Bonus: And don’t fall for this lie about you needing to know before you get married whether or not you two are sexually compatible. You’re a plug and she’s an outlet. It’ll work!
On Good Friday, I was blessed to have the opportunity to preach. One of my friends is assigned by his pastor the responsibility for putting this service together every year. For the last couple of years, he has put an interesting, yet biblical spin on this service. This year, the focus was on seven prayer requests of Jesus in John 17, the High Priestly prayer. I was given the task of preaching #7: A Prayer for Immortalization (John 17:24-26). It is quite a challenge to expound on God’s Word with such a tight time constraint (roughly 10 – 12 minutes). But I was grateful for the opportunity to serve.
And then there was Resurrection Sunday at Westside Baptist Church. I had been prayerfully anticipating this engagement for weeks. To summarize, the people were gracious and hospitable, the worship was biblical, Christ-centered, and energetic, and the fellowship was genuine. I preached on 1 Corinthians 15:12-20, 58 and entitled the sermon, “He Has Risen!” Below is the essence of what I shared at their 7:45 a.m. service. I pray it speaks to you even now. We are jumping to the tail end of my introduction.
“He Has Risen!”
Paul takes this idea of there being no resurrection of the dead in relationship to Jesus’ resurrection and hypothetically draws it out to its logical conclusions or consequences. Paul in essence says, to not believe in a resurrection from the dead is to not believe in the resurrection of Jesus, which in one way metaphorically rips the heart out of the chest of Christianity. However, with a stroke of the pen, beginning with a simple 3-letter conjunction, Paul turns this hypothetical case on its head. He turns it upside down. He writes: “But in fact Christ has been raised from the dead, the firstfruits of those who have fallen asleep.” (vs. 20). With this one verse, all the hypothetical logical negations are turned into positives. And so, for our remaining moments together, I want to show how the resurrection of Jesus affects six aspects of the Christian life that Paul mentions in this 15th chapter of 1st Corinthians.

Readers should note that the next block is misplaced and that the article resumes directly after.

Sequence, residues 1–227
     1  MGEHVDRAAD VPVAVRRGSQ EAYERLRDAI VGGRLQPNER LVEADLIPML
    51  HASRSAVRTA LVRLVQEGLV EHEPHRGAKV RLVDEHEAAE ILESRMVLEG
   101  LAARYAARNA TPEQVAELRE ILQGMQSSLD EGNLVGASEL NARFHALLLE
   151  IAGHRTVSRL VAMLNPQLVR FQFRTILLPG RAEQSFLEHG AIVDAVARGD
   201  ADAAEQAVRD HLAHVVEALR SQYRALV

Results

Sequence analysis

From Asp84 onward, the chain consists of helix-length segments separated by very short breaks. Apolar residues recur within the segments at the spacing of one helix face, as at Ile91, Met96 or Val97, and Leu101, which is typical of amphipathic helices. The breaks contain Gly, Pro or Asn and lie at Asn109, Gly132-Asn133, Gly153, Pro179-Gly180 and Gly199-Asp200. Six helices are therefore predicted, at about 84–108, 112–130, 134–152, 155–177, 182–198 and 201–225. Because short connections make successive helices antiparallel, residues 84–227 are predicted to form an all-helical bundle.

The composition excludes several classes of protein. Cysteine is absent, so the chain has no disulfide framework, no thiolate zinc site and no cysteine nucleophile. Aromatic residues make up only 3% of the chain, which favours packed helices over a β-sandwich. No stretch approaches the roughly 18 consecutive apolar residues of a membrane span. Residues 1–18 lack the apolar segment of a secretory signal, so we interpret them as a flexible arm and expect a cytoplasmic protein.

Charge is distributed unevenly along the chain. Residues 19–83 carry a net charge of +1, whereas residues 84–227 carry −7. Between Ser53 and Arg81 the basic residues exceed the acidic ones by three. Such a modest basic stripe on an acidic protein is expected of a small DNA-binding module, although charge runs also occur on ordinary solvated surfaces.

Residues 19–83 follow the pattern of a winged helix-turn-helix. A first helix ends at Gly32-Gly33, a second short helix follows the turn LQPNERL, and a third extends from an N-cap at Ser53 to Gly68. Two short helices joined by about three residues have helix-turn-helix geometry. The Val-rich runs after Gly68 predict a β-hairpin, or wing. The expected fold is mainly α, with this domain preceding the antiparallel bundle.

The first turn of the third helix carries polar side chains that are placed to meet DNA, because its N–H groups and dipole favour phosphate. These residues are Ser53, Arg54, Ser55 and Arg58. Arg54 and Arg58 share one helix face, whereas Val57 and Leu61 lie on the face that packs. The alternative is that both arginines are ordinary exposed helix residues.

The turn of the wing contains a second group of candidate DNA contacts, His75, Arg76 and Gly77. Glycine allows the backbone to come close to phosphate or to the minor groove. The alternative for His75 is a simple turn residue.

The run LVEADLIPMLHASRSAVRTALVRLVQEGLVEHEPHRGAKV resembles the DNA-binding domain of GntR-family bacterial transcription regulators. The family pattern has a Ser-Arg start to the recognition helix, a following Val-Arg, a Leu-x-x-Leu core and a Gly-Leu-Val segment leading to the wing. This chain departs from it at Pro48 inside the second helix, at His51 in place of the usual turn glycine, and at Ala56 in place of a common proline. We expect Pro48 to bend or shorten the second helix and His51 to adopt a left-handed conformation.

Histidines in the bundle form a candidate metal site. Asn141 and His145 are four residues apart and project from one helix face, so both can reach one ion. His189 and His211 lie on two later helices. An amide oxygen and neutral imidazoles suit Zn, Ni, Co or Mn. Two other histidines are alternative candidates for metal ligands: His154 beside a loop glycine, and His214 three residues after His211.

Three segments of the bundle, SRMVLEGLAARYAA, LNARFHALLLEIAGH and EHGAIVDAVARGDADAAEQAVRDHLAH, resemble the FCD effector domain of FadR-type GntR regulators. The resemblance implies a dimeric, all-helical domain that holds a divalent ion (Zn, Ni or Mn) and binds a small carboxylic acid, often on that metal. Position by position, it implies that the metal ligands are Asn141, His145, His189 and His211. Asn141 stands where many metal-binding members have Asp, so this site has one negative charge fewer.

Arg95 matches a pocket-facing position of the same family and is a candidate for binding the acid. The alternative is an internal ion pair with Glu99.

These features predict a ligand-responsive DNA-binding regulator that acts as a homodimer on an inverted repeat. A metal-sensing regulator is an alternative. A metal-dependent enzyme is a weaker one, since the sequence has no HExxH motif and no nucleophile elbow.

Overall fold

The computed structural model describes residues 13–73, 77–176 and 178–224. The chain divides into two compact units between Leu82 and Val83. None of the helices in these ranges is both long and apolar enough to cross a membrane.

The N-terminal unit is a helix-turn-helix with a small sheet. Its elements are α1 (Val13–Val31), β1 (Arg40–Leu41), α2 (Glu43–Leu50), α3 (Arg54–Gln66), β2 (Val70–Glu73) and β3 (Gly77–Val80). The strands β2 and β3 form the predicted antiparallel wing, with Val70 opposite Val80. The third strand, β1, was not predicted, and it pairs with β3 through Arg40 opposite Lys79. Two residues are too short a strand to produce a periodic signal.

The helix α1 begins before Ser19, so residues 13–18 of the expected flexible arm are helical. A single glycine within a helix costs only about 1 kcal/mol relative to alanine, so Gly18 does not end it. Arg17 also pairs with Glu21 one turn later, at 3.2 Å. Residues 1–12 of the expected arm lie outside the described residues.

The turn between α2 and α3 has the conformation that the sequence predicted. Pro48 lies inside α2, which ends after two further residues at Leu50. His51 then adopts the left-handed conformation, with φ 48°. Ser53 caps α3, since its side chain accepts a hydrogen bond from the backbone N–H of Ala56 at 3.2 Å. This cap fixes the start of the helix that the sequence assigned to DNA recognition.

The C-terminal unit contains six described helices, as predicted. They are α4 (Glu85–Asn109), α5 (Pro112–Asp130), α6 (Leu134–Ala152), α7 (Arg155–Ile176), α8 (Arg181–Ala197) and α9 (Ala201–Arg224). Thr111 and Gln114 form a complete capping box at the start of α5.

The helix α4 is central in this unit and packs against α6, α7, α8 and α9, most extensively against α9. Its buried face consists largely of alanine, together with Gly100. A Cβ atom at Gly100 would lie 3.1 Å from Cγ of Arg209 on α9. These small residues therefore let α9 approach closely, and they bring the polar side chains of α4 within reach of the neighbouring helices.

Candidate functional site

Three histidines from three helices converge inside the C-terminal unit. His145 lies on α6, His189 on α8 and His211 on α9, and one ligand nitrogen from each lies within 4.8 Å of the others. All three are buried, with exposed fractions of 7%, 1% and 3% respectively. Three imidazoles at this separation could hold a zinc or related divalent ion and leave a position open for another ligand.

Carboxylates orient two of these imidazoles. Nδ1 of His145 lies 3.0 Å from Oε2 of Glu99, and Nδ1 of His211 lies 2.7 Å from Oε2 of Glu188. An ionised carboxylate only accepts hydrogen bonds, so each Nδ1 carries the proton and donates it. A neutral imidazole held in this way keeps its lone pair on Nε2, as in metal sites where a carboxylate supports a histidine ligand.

1. Our preaching (vs. 14)
If Christ has not been raised then our preaching is in vain. But because he has risen, our preaching is relevant.
It is through the preaching of God’s Word that non-Christians are confronted with and convicted of their sinfulness, and are made cognizant of their need to turn from sin and trust our Risen Savior, the Lord Jesus, for forgiveness.
Paul says in Romans 10:14-15, “How then will they call on him in whom they have not believed? And how are they to believe in him of whom they have never heard? And how are they to hear without someone preaching? And how are they to preach unless they are sent? As it is written, ‘How beautiful are the feet of those who preach the good news!”
It is also relevant to our lives as Christians. It is a means of grace that God uses to work His Word into the fabric of our hearts. Through the preaching of God’s Word, we are conformed into Jesus’ image, comforted in our trials and suffering, confirmed in our obedience to Jesus, and convicted, corrected, and challenged in regards to sin and holiness.
Because Jesus has risen, our preaching is relevant. So keep prayerfully, wisely, lovingly and courageously preaching the Good News to your non-Christian family members, co-workers, friends, neighbors, and among ourselves.
In a pluralistic, post-modern world that says there are many ways to God (if there is a God at all, they say) and that seeks to shame you for preaching such an exclusive, only-one-way-to-God Gospel, preach it anyhow. “For I am not ashamed of the gospel, for it is the power of God for salvation to everyone who believes, to the Jew first and also to the Greek.” (Rom. 1:16)
2. Our faith (vs. 14, 17)
If Christ has not been raised, then your faith is in vain, and we are still in our sins. But because he has risen, our faith is needed.
The resurrection of Jesus showed that the price He paid for our sins by offering his perfect life unto death on the cross was accepted by God, thus securing our right-standing before God: forever forgiven, accepted, adopted, redeemed, and justified. To say it more succinctly, Jesus’ death was the payment. His resurrection was the receipt. This is why Paul says that if Jesus has not been raised, our faith is futile (pointless, it doesn’t matter) and we are still in our sins.
But in order for that to be true in our lives, in order for Jesus’ payment for our sins to be accredited to our spiritual accounts, faith is needed, not our works.
“But the words ‘it was counted to him’ were not written for his sake alone, but for ours also. It will be counted to us who believe in him who raised from the dead Jesus our Lord, who was delivered up for our trespasses and raised for our justification.” (Rom. 4:23-25)
“For by grace you have been saved through faith. And this is not your own doing; it is the gift of God, not a result of works, so that no one may boast.” (Eph. 2:8-9)
3. Our representation of God (vs. 15)